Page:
Several sources have recently reported the discovery of a ‘flaw’ in certain SAML implementations that could allow a ‘bad actor’ to alter the identity carried in a Single Sign-On SAML assertion and legitimately log in as a different user as reported by TechTarget.
Wow – that’s bad! That was my initial reaction, and I envisioned a case where the ‘flaw’ would allow the bad actor to substitute *ANY* username as the identifier in the Single Sign-On SAML assertion. Fortunately, that is *NOT* the case! Kudos to Kelby Ludwig at Duo Labs for the excellent detailed analysis and description of the exploit.
Kelby shows how some Service Provider implementations of certain SAML packages allow for NameID *TRUNCATION* if the SAML Assertion is intercepted and a comment is inserted into the NameID string.
So, that’s a LOT better than a wholesale change to the NameID! The exploit then is subject to some very specific constraints and conditions. Here’s a sample scenario:
The bad actor wants to gain access to the CFO@corp.com account in the GlobalBrokers Software as a Service (SaaS) application on the Internet.
The bad actor could then:
Now, with a valid account at GlobalBrokers that uses SAML Single Sign-On from PublicIDP, the bad actor can:
The GlobalBrokers logon service will honor the assertion as signed by PublicIDP, but use only the portion of NameID that precedes the comment string : “CFO@corp.com”
The bad actor then gets a legitimate logon to the CFO@corp.com account in the GlobalBrokers application! Not good.
Note that some articles/vendors suggest using Two Factor Authentication as a protection against this exploit. However, the Two Factor Authentication transaction is typically enforced by the Identity Provider and precedes the construction of the SAML assertion. In that case, the exposure remains the same. For Two Factor Authentication to be a protection against this exploit it would need to be enforced by the Service Provider (SaaS application) after consuming the SAML assertion.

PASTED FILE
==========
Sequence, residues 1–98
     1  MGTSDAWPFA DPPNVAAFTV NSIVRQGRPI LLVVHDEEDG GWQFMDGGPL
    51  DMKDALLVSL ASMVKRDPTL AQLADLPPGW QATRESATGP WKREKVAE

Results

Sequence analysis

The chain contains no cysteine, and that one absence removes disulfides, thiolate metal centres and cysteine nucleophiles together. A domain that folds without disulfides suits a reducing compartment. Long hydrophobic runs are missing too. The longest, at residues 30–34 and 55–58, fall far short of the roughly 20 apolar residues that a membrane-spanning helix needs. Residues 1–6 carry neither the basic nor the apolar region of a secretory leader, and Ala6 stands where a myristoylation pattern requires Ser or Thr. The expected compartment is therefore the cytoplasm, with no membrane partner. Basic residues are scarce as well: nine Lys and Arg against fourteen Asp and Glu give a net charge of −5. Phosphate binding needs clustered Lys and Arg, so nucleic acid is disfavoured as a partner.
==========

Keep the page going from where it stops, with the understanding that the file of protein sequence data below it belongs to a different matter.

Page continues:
So, how exposed are your enterprise and SaaS subscriptions? Probably not very exposed at all. For this exploit to be effective, the bad actor needs to craft a username in the application that has the target username as the leading characters in the identifier, and the application needs to honor the single Identity Provider assertion for any user in the system. Most applications use the domain name as part of the identifier and segregate tenants by domain name, requiring a unique trust with the Identity Provider for each domain/tenant, so a SAML signature for “.badactor.com” would not be valid for, nor have visibility to, “corp.com” accounts.
With SaaS applications typically using firstname.lastname@example.org as the account identifier format, this exploit cannot be used since it requires appending a distinguishing string to the target identifier and that effectively makes it a different domain and thus a different tenant.
However, if your application does not use the “@domain.com” format as the trailing part of the username/identifier you should examine all the user accounts and identify those where the whole username/identifier is also the leading substring of another username/identifier:
With the cited SAML packages and configurations in service, the “Cforest” account could gain access to the “CFO” account using this exploit. (Cfo<!—->rest)
Although frightening at first blush, the details reveal that it is likely not a threat to most enterprises and applications that use SAML Single Sign-On – but you *MUST* check! Enterprise Information Security is a never-ending process. It requires vigilance and evolving/adapting applied technologies to protect the enterprise and thwart the assaults.
As part of the team at CTI, we proactively share this potential exploit with our clients and help them assess their potential exposure. Certainly, worthy of a discussion with your security team or security partner.
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